Hi Bob, not sure about your plans but... How about installing DOS directly to some disk / SD / USB / CF without ISO?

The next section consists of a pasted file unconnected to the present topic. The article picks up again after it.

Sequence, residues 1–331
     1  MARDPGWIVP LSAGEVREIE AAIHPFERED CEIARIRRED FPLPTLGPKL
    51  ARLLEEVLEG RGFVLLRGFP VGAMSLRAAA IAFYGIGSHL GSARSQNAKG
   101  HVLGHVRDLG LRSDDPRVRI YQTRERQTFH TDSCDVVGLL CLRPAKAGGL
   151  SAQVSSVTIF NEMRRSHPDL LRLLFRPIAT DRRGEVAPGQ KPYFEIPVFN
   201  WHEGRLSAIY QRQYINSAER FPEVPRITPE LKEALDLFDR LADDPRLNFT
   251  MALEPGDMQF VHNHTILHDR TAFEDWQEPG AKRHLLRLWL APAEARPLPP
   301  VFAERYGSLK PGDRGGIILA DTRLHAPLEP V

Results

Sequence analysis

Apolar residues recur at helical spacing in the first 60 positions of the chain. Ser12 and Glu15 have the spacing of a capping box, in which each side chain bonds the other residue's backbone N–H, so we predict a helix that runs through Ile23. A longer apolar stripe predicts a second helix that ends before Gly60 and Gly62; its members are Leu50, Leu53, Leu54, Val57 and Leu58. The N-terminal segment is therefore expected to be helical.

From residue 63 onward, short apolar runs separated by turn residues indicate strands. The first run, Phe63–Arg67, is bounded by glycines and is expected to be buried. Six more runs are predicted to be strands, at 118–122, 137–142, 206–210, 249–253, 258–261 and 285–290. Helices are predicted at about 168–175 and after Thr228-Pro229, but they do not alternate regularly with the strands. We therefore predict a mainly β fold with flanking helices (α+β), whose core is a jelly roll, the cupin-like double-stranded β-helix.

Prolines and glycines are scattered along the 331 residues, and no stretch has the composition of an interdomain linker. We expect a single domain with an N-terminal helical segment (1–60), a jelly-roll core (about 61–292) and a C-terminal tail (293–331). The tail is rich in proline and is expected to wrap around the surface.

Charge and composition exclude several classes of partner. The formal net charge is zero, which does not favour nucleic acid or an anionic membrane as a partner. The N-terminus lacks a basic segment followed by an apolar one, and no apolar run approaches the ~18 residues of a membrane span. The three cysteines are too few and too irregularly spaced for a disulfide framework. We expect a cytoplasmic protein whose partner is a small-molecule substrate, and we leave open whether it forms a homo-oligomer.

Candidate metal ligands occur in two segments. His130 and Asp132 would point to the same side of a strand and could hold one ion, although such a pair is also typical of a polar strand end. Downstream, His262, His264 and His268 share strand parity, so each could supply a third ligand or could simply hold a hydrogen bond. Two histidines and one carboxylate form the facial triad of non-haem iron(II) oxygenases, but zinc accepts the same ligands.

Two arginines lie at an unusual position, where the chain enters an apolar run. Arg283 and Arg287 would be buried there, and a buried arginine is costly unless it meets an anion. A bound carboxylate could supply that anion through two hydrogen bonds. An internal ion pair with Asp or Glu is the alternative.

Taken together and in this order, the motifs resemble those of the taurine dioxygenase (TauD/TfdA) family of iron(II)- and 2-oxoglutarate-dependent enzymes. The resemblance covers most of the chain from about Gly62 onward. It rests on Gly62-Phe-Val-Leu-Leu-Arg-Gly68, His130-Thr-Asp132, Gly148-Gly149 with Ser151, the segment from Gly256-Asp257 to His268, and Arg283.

To boot DOS with isolinux, you have to use memdisk, a bootable ramdisk which initially loads a diskimage and which boots as if it would be a Linux kernel with some initrd image from the view of isolinux. You can do the same with syslinux from any FAT drive and you can boot DOS directly from any FAT drive, too. To put a FreeDOS on a FAT drive from within Linux, you can use my Perl script which compiles and puts the boot sector for you as described by Alain. Do not forget to put the files as well, just the usual way: Mount the disk, copy some kernel.sys + config.sys + autoexec.bat + command.com and all other files that you would like on the disk... I guess you can also install isolinux as a package on Fedora to get the isolinux files somewhere where you can copy them from, or download from the syslinux page. In general, you can get info about individual FreeDOS tools on http://www.freedos.org/software/ including URLs. All tools come, among other packagings, as ZIP with binary (and in newer ZIPs, source: In older ZIPs the source is a separate ZIP download) in a directory structure which allows you to unzip all tools in one c:freedos tree and still have them nicely organized. >> 1) Program needed: NASM, which I got from Debian >> $ sudo apt-get install nasm >> >> 2) program from Eric for the boot sector: >> <http://ericauer.cosmodata.virtuaserver.com.br/soft/specials/sys-freedos-linux.zip> >> >> create a directory ./sys-freedos-linux and expand it there This program contains the various FreeDOS boot sectors (FAT12, 16 or 32, LBA or CHS) and compiles and installs them for you on any disk or diskimage of your choice. >> 3) create file of the right size. 5760k was ok for me, there is some >> magic in the size and not everything will be ok. (more studies needed) >> $ dd if=/dev/zero of=FreeDOS.img count=11520 >> 11520+0 records in >> 11520+0 records out >> 5898240 bytes (5.9 MB) copied, 0.408512 s, 14.4 MB/s You can also use any existing FAT drive or diskimage here. >> 4) Prepare it with a FAT file system >> $ sudo mkdosfs -v FreeDOS.img If you use an existing drive or diskimage, you do not HAVE to format it. Of course you can, if you want to have a fresh start... >> mkdosfs 3.0.1 (23 Nov 2008) >> FreeDOS.img has 64 heads and 32 sectors per track, >> logical sector size is 512, >> using 0xf8 media descriptor, with 11520 sectors; >> file system has 2 12-bit FATs and 4 sectors per cluster. >> FAT size is 9 sectors, and provides 2867 clusters. >> Root directory contains 512 slots. >> Volume ID is 0cbb7ca7, no volume label. >> >> 5) compile and write a suitable boot sector. This is a smart script by >> Eric Auer that configures it with the appropiate parameters >> $ ./sys-freedos-linux/sys-freedos.pl --disk=FreeDOS.img >> DOS boot sector for FreeDOS.img will be created by: >> nasm -o /dev/stdout -dISFAT12 >> ./sys-freedos-linux/bootsecs/boot.asm >> Using FAT12. Partn offset 0, CHS *x64x32 Drive 0, (0x0, 0x29), >> SerNo CBB-7CA7, Strings ' ', 'FAT12 '. >> Boot sector successfully updated. NOTE: If you use a PARTITION instead of an unpartitioned drive which only contains the filesystem, the OFFSET of that partition must be set properly. This is usually the case for partitions formatted by DOS or Windows and for e.g. pre-formatted FAT32 USB sticks and similar, but not always for partitions formatted with mkdosfs, depending on whether mkdosfs can access enough context information. Not sure about partitions made and formatted by GPARTED. You can also use my script to manually change the offset if you KNOW that it was NOT already set right, but that involves extra manual calculations by you. >> 6) mount it in a directory >> $ mkdir bootimg >> $ sudo mount -v -o loop,uid=you,gid=you FreeDOS.img bootimg If you use a physical HDD/CF/USB/SD, just re-connect it or similar if you do not want to use mount manually... >> 7) copy into it KERNEL.SYS, COMMAND.COM and all other files All other files means at least config.sys and autoexec.bat :-) >> 8) use it just the same way then the image made from a floppy, memdisk >> will recognize it. I used isolinux, here is how I created the iso: >> $ mkisofs -R -v -A "FreeDOS big boot CD" -V FreeDOS-V1.x \ >> -b isolinux/isolinux.bin -c isolinux/boot.cat \ >> -no-emul-boot -boot-load-size 4 -boot-info-table \ >> -o /mnt/dados/Segurver/FreeDOS-V1.x.iso \ >> /mnt/dados/CDROM In this example, you provide isolinux.bin to mkisofs as boot menu. I think the boot.cat is automatically created by mkisofs. The file after -o is the output ISO image and the directory at the end is where you take the files to put on the CD / DVD / BD ISO from. You can experiment much easier when you use a rewriteable CD or DVD. An ALTERNATIVE method is to create or modify a boot FLOPPY image. Only certain sizes (1.2M, 1.44M, 2.88M) are possible then. You can use a real floppy as template or an image. If you do not want to mount the image, or are not root and cannot, just use "mtools" to "mcopy" files around etc. Many graphical CD/DVD burning tools let you select a boot floppy image for making a disk bootable. Note that your boot floppy then has to contain all CD / ... drivers if you want to use not only the files on the "floppy" but also those on the "outer" CD / ... after you boot the whole thing to DOS. Regards, Eric ------------------------------------------------------------------------------ Keep Your Developer Skills Current with LearnDevNow! 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